Over the course of two decades, the New York Festival of Song has cemented its reputation in the minds and hearts of concertgoers as a renowned and beloved presenter of songs of every stripe and variety. It’s no small wonder, either: After 125 concerts—that’s more than 3,000 songs!—you might say that Steven Blier, NYFOS’s artistic director, and Michael Barrett, associate artistic director, have a knack for the art of programming. A select group of Juilliard singers will be the beneficiaries of their expertise when NYFOS teams up with the School’s Department of Vocal Arts for its third annual collaboration in a program titled “A Modern Person’s Guide to Hooking Up and Breaking Up.”
For this year’s program, which will feature undergraduate and graduate singers, as well artists from the Juilliard Opera Center, Blier and Barrett decided to choose a theme that their cast of singers knows firsthand: dating in all of its guises. “We chose the subject for this year’s project because we thought it would be good for the young cast to sing about something very close to their experience: desire, attraction, the need to complete one’s self by finding a partner,” explained Blier recently. “Last year’s program, about war and peace, drew on a certain part of their emotions. But the battle of the sexes is a war they fight on a daily basis,” he added. Just because the subject matter may be familiar, Blier, who has been working with his group of singers since the start of the school year, admits that the topic is not an easy one. “It is a challenge for the students to put themselves on the line in this way,” he said, “to expose an active source of pleasure, conflict, and drama in their lives.”
The key component of the NYFOS-Juilliard collaboration requires the participating students to create and shape the program they will be performing, guided by Blier’s and Barrett’s 20 years’ worth of expertise. “The important factor is the workshop aspect of the program preparation,” said Elizabeth Hurwitt, NYFOS’s executive director, “which permits artists to suggest ideas for repertoire, [and] personalize their interpretations in ways that change the song’s affect. If the rehearsals are going as they should, the artists as a group truly own the program.”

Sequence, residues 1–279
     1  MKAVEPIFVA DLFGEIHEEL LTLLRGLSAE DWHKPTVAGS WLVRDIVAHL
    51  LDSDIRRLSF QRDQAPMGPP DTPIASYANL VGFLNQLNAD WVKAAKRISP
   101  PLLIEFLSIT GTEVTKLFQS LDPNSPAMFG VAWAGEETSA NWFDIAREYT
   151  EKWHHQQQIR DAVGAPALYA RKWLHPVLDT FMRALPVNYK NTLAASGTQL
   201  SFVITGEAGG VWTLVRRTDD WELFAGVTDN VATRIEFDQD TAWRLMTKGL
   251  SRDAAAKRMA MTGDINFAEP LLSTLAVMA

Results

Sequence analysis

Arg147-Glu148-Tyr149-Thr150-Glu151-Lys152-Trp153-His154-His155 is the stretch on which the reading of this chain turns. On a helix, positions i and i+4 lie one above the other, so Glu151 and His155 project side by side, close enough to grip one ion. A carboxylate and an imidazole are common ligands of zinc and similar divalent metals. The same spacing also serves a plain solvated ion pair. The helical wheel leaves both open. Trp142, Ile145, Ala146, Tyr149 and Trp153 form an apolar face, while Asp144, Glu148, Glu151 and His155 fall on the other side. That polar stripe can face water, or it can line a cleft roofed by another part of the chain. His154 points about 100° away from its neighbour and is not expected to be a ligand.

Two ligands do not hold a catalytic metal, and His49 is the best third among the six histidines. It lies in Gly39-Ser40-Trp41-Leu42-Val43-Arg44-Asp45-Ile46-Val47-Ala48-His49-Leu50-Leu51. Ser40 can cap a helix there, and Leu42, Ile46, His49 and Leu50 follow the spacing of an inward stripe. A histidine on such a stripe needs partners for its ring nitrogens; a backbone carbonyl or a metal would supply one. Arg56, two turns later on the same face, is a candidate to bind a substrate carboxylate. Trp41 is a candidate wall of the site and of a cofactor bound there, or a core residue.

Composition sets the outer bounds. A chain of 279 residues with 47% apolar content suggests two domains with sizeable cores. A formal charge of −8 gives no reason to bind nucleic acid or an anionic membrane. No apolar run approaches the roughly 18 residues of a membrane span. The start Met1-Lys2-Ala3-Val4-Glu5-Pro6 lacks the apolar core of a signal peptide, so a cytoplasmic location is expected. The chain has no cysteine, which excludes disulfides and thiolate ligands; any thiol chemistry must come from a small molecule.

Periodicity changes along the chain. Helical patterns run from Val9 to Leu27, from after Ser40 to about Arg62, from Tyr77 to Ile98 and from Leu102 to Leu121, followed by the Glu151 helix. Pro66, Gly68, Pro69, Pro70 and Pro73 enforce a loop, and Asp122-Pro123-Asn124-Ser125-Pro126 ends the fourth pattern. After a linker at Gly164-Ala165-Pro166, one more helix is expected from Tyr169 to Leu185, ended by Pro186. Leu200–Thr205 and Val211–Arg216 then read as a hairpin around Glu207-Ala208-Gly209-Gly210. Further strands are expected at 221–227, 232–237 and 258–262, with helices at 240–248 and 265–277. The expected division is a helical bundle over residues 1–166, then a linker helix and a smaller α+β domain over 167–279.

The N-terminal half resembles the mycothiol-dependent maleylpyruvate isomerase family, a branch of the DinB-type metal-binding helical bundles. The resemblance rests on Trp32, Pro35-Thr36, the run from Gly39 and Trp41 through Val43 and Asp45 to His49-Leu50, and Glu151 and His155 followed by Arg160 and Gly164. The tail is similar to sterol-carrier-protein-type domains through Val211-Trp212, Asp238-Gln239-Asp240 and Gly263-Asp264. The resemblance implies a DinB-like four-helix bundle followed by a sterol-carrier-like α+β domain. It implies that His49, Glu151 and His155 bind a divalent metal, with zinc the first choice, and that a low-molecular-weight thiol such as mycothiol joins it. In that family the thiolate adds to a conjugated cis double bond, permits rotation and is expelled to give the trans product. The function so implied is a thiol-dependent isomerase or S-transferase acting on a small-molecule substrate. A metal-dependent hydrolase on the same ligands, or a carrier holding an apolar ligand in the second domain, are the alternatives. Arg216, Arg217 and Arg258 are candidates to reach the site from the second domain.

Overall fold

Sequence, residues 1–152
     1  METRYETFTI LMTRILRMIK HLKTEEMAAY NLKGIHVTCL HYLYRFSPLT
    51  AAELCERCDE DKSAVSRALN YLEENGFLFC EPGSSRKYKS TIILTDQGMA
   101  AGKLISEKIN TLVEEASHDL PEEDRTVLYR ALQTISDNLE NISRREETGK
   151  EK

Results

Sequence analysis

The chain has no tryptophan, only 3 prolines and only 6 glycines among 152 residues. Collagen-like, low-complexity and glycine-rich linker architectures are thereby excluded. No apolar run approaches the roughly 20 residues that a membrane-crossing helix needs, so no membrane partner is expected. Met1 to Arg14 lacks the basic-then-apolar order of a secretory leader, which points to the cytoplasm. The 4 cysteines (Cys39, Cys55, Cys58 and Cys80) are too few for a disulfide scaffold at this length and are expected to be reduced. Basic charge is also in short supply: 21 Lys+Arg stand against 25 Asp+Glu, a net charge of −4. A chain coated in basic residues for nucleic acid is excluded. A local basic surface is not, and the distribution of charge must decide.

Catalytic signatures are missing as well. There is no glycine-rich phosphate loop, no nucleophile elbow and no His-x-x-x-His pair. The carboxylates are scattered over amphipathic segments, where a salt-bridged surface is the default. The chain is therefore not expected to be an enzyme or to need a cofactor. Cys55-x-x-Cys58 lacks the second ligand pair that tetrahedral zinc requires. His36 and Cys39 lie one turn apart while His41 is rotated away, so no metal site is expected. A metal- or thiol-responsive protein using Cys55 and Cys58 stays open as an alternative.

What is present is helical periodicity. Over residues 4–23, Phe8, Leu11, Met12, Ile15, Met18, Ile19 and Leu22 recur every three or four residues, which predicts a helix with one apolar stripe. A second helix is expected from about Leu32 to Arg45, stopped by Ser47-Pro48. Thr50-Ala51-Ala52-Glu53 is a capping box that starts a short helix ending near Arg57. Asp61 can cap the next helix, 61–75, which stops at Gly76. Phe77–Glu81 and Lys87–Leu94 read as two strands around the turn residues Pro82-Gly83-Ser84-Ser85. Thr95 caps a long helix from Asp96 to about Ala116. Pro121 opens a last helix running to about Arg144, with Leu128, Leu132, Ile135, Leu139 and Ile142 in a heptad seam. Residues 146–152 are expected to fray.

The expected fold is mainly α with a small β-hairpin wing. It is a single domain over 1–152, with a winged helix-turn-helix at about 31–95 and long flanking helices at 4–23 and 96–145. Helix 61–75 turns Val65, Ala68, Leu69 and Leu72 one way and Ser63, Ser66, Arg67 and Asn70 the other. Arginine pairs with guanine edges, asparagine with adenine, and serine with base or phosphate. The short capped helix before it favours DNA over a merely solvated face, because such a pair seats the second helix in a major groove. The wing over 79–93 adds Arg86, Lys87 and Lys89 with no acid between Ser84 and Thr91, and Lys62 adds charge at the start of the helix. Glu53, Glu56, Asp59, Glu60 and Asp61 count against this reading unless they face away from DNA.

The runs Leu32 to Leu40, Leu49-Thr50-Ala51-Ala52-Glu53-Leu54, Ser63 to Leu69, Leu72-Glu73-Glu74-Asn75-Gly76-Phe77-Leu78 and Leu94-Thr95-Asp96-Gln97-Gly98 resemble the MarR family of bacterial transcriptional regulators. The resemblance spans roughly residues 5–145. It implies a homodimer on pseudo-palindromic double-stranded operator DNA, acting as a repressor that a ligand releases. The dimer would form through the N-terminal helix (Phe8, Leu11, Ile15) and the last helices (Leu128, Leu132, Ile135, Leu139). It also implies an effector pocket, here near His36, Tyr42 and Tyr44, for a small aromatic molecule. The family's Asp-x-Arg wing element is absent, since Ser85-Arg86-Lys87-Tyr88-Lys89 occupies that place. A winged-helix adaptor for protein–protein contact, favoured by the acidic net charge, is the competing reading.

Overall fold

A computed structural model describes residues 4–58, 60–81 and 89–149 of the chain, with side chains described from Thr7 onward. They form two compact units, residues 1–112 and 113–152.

The NYFOS audience has grown accustomed to the eclectic intermingling of disparate styles of song in a single program. Last year’s Juilliard concert, “Songs of Peace and War,” featured songs by (among others) Mussorgsky, Kurt Weill, and Bob Dylan. “Hooking Up and Breaking Up” should be no different. Says Blier, “We have a Bruce Springsteen song and a number from Cy Coleman and David Zippel’s City of Angels that really ignite one another. And there are more on the way! Stay tuned.”
Yet Blier, a longtime Juilliard faculty member, shies away from programming songs merely for the sake of inclusion. “We’re trying to get the students to go a little farther, and look for the sharpest, smartest lyrics, tied to music that brings those lyrics to blazing life. Sometimes a singer will realize, ‘Oh, maybe that song doesn’t really work … but it says something I want to say!’” he explained. “And then they get the assignment: go out and find 10 songs that say the same thing—only better.”
Hurwitt is quick to add, “Although, on paper, an ‘eclectic’ NYFOS program appears to have followed the grab-bag schema of thematic programming that is so common in the wider concert-making world, the best NYFOS concerts are different because they have a hidden ‘plot’—they are constructed with a dramatic arc. Working with Juilliard’s Vocal Arts Department for a third year, we are trying hard to share programming principles with students so that they will have a better understanding of the process.”
Given the collaborative effort involved in choosing songs for “Hooking Up and Breaking Up,” the program, at the time of this writing, is still a work in progress. “It is a terribly time-consuming process,” Hurwitt noted. “Asking students to turn their attention to creating a NYFOS program in the middle of a Juilliard term is a little like asking someone to write a play in the middle of playing second base in a World Series game.” Blier is not quite ready to unveil a final product (songs by Kenji Bunch, William Bolcom, Leonard Bernstein, and Frank Loesser are almost for sure), in case the students’ field work uncovers last-minute riches.
But whatever facets of the dating game “Hooking Up and Breaking Up” ends up exploring, Hurwitt is confident that Juilliard’s singers will come away with a new understanding of the potential of creative programming. “NYFOS artists tell us over and over again, ‘When I perform with NYFOS, I remember why I wanted to sing in the first place.’ This is because they are engaged at a higher level of expression, with a stake in what the performance ultimately means,” she said. “It’s a great experience that we’d like to make available to Juilliard’s singers not just through performance, but by teaching programming as an art.”